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On His Having Arrived at the Age of Twenty-Three

by John Milton

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Last Updated on May 6, 2015, by eNotes Editorial. Word Count: 929

Crisis of Faith
The crisis created by Milton’s awareness of the passage of time is one that can be resolved by the poet’s choice to put his future in God’s hands. In the first eight lines of the poem, Milton worries that time has passed too quickly. He has been at Cambridge studying, but has had little time to fulfill what he sees as his destiny. Milton is aware he is a talented poet, but instead of writing poetry, he has been studying. This precipitates a crisis of faith for the poet, who worries he has wasted precious time. But maybe the poet’s talent, which “be it less or more,” will be less when he is mature. He worries, although he is still confident of his future. In the final six lines of the sonnet, Milton acknowledges that time, whether “soon or slow,” will still inevitably lead him to God. This is the same future that all men will face, “however mean or high.” Time will lead Milton to God, if he can accept the limitations of earthly time. In these final lines, Milton finds the answer to his problem in giving control over his life to God and, as a result, his crisis of faith is resolved.

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Milton uses this sonnet to symbolize the poet’s journey from doubt to self-discovery. He feels guilty about his time spent studying when he has not published anything. He is slow to mature, and by “late spring no bud or blossom shew’th.” But, in line 9, the pronoun “it,” whose antecedent is unclear, but which is usually thought to refer to the poet’s maturity, might suggest that the poet’s talents will ripen with maturity, that rather than having wasted his youth, the poet has been marking time until he is mature enough to create the kind of poetry he feels destined to create. As he nears age twenty-four, the poet feels he is at the border between youth and manhood, a time to which he has “arrived so near.” He worries that when he reaches maturity his talent may be less, rather than more. Although worried, he is confident in his own abilities, and so the sonnet moves the poet from the hesitance and questioning of youth to the realization that perhaps he will achieve all he wishes. The sestet is filled with obscure references: it, more, less, soon, slow. There are contradictions and uncertainties, all of which indicate that the journey will not always be clear. Ultimately, the poet feels the journey will bring him success. His intent is to please God and use his abilities as best he can. The journey is to reaffirm the poet’s faith in God and to find his place in the world.

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Passage of Time
Milton’s sonnet explores the idea of time as a guide to his destiny. Milton calls time “the subtle thief of youth” because time steals without awareness. This sonnet is written sometime after Milton’s twenty-third birthday, and already the poet is thinking about the approach of his twenty-fourth birthday. He sees the ways in which time steals the days away from him, and he is not even aware of each day passing. The poet notes how he has planned to accomplish so many things, yet instead feels he has spent too much time studying and learning. What he considers the promise of his youth has come to no fruition, “no bud or blossom shew’th.” In lines 5 through 8, the poet suggests that time can deceive others, since he still appears to be young; but Milton knows the truth, that time has stolen his youth. In the final six lines of the poem, Milton changes direction and the sestet responds to the problem expressed in the octave: time which steals his youth is also bringing him closer to God. This religious interpretation of time expresses the Renaissance notion that the passage of time will bring mankind closer to a final meeting with God. Milton justifies his use of time because, regardless of how he spends it, in the end time is on his side, bringing him closer to his God.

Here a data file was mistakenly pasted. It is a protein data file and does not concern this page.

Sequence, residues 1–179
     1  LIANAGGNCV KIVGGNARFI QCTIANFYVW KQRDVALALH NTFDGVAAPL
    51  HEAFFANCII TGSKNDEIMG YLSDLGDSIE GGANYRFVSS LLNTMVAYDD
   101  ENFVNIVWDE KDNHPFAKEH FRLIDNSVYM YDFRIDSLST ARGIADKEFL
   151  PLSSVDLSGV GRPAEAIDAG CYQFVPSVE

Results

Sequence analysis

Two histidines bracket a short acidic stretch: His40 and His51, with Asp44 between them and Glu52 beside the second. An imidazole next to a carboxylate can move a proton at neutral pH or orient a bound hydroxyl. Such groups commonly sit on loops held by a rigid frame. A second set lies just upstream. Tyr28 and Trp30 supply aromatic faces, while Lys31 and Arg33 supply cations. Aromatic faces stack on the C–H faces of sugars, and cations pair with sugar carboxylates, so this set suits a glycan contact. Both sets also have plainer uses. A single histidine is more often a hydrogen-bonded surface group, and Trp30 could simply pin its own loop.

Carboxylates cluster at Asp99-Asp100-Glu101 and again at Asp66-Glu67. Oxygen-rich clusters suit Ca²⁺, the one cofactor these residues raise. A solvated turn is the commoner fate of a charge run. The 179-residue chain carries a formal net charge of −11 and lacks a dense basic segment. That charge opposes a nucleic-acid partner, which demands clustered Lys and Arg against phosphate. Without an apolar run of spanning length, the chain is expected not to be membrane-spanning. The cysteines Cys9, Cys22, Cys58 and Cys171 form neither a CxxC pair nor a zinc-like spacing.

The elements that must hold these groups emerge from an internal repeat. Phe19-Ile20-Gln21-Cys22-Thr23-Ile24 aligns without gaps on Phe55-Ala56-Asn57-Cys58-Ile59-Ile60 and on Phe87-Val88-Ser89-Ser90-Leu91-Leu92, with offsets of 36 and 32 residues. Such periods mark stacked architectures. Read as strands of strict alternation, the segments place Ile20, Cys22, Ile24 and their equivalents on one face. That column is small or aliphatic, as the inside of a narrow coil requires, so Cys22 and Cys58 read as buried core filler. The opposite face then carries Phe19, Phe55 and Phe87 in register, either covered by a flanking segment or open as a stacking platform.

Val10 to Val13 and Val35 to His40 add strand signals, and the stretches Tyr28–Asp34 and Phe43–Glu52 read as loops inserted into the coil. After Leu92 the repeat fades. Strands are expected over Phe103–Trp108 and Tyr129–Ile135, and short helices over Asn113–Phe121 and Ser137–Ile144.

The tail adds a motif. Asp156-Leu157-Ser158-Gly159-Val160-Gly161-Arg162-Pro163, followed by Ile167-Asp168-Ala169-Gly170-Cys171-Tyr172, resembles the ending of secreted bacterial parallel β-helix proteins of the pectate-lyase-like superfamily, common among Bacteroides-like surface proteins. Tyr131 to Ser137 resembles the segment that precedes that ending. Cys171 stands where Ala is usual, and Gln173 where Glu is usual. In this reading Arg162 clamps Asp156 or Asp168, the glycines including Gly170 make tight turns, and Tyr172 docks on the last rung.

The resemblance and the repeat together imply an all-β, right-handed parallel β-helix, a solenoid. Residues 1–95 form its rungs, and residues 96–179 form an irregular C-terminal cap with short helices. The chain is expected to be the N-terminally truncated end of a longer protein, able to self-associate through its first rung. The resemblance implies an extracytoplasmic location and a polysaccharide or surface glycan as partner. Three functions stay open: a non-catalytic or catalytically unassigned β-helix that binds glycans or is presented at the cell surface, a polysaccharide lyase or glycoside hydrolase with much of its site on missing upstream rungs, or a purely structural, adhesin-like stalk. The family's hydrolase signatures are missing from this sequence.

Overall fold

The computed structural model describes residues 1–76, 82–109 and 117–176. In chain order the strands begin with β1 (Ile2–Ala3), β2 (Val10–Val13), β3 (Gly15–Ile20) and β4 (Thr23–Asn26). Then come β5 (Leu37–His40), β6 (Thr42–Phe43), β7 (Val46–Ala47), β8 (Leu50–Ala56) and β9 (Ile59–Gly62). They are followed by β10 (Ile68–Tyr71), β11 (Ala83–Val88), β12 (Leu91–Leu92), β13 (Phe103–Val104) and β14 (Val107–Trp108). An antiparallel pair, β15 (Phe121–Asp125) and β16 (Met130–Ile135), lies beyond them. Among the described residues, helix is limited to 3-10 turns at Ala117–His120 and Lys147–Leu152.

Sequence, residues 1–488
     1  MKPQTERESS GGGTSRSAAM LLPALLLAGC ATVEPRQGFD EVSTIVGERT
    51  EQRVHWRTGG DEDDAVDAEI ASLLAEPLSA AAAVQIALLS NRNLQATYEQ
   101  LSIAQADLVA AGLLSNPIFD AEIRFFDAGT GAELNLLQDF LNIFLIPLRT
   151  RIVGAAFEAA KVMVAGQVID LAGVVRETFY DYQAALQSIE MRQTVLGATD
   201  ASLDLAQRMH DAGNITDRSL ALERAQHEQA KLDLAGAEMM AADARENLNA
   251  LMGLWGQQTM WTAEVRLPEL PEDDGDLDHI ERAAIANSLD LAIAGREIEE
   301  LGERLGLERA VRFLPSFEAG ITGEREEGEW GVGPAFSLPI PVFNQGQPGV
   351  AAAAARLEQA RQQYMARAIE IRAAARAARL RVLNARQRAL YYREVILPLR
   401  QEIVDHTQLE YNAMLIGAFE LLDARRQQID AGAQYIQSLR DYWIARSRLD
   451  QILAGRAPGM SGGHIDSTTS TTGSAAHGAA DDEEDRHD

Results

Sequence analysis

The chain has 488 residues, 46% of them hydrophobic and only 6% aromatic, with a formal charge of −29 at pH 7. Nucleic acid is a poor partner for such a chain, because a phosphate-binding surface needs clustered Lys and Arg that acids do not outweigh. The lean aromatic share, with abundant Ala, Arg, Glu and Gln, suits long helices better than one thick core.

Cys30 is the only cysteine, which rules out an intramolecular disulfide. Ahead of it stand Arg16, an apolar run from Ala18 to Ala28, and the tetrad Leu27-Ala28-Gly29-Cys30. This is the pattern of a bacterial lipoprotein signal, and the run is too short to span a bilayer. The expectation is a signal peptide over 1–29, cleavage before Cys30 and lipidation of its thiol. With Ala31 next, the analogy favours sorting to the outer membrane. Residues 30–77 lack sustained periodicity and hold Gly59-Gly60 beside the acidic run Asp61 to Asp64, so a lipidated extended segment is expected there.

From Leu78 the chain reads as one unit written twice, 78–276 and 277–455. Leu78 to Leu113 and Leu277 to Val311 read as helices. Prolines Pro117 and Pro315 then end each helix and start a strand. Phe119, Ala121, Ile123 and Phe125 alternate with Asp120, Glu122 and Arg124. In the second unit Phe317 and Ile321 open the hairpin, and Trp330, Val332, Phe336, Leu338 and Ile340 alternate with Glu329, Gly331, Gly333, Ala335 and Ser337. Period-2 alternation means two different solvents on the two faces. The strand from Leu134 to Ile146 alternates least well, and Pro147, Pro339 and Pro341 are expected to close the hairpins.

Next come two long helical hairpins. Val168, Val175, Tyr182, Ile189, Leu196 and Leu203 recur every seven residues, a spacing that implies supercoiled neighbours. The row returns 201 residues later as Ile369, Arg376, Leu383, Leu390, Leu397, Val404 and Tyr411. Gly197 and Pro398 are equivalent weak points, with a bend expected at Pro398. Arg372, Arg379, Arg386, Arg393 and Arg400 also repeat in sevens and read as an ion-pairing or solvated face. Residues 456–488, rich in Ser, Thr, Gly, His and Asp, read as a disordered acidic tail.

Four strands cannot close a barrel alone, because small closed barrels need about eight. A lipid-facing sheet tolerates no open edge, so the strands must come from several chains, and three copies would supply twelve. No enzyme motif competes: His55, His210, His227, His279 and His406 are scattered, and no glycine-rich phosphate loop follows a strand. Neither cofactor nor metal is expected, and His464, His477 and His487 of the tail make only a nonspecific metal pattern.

Predestination and Free Will
This poem makes clear that Milton is incorporating both Calvinist ideas of predestination and the Anglican Church’s emphasis on free will into his poem. The poem’s octave, the first eight lines, focuses on the problem of free will. Milton has chosen his course of study, and as a result he has neglected his own talents, his poetry. This time spent on academics has flourished and flown, as he acknowledges in line 3: “My hasting days fly on.” But now, as he readies himself to leave Cambridge, he must face the awareness of lost time. In the poem’s sestet, Milton moves toward resolution, which he finds in embracing both the Calvinist idea of predestination and the Anglican promise of free will. He can reconcile his wasted youth if he gives the choice to God. His youth has not been wasted, since it moves him closer to God; this is “the will of Heaven.” At the same time, the next line, “if I have grace to use it so,” takes the poem back to free will. His talents will grow and develop if Milton chooses to do so. As a result of Milton’s playing with this opposition, he creates a tension in his poem. Human effort and divine will are partners in Milton’s future. The resolution to Milton’s dilemma is in recognizing this fact.

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